In southern Brazil, oyster farmers are creating a new prosperous community through sustainable aquaculture practices. A program through the Federal University of Parana called Cultimar has made it possible. Cultimar certifies sustainable oyster farms as safe for consumption, provides educational resources for farmers on safe and eco-friendly practices, and spreads the word about sustainability to the nearby communities.
The success of oyster farms in Guaratuba Bay, where Cultimar works, are a hopeful beacon to locals, who in the past have feared high rise development looking to claim the coastal view. Consumers are responding well to the safety certifications, and the preservation of the local communities are creating a more diverse economy around the farms, including restaurants and tourism.
Brazil is not the only country to embrace aquaculture or mariculture, the practice of using the ocean to grow food. Unlike salmon farming, which requires the unsustainable practice of filling oceans with fish meal to feed the salmon, growing shellfish is actually good for the environment. On top of relieving the heavily overfished wild populations of oysters, clams and mussels, farmed shellfish filter algae for food and helps to clean the water and beaches. Shellfish do not require any feed, fertilizer or pesticides, and are not invasive to native species. It may be the lowest impact method of farming in practice, in fact, and building a sustainable food system looks improbable without shellfish. Already, most of the shellfish consumed in North America come from aquaculture.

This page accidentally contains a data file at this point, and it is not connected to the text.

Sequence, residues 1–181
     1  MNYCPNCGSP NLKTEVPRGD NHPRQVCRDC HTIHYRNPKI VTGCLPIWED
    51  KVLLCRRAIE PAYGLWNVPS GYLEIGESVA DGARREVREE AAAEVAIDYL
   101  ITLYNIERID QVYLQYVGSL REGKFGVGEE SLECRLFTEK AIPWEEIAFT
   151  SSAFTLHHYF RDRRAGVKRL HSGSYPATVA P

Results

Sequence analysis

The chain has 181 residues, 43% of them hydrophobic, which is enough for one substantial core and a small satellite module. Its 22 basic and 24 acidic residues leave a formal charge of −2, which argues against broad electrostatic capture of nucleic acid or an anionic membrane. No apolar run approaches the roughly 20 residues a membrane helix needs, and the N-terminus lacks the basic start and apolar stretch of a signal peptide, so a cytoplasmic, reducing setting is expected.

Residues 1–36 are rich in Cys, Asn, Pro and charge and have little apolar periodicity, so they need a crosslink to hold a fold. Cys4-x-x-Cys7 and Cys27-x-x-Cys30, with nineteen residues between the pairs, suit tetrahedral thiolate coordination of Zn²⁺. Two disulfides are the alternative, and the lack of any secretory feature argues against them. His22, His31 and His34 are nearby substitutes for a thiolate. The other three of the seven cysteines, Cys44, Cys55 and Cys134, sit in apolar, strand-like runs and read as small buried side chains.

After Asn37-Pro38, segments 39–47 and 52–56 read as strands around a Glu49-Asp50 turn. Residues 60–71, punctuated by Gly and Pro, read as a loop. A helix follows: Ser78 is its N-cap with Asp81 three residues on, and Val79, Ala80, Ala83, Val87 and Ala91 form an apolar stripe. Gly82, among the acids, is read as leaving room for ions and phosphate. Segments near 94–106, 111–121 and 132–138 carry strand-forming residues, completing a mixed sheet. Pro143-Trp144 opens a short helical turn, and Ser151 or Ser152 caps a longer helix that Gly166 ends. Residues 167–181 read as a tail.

So next time you are wondering what to make for dinner that would also be healthy and good for the environment, reach out to your local fishmonger and do not be afraid of farmed shellfish. Oysters can be eaten raw with lemon juice or hot sauce, or broiled with butter and garlic. Mussels and clams are great thrown into a hot pan with a little wine or broth and fresh herbs. Dig in to a delicious, safe and environmentally friendly meal.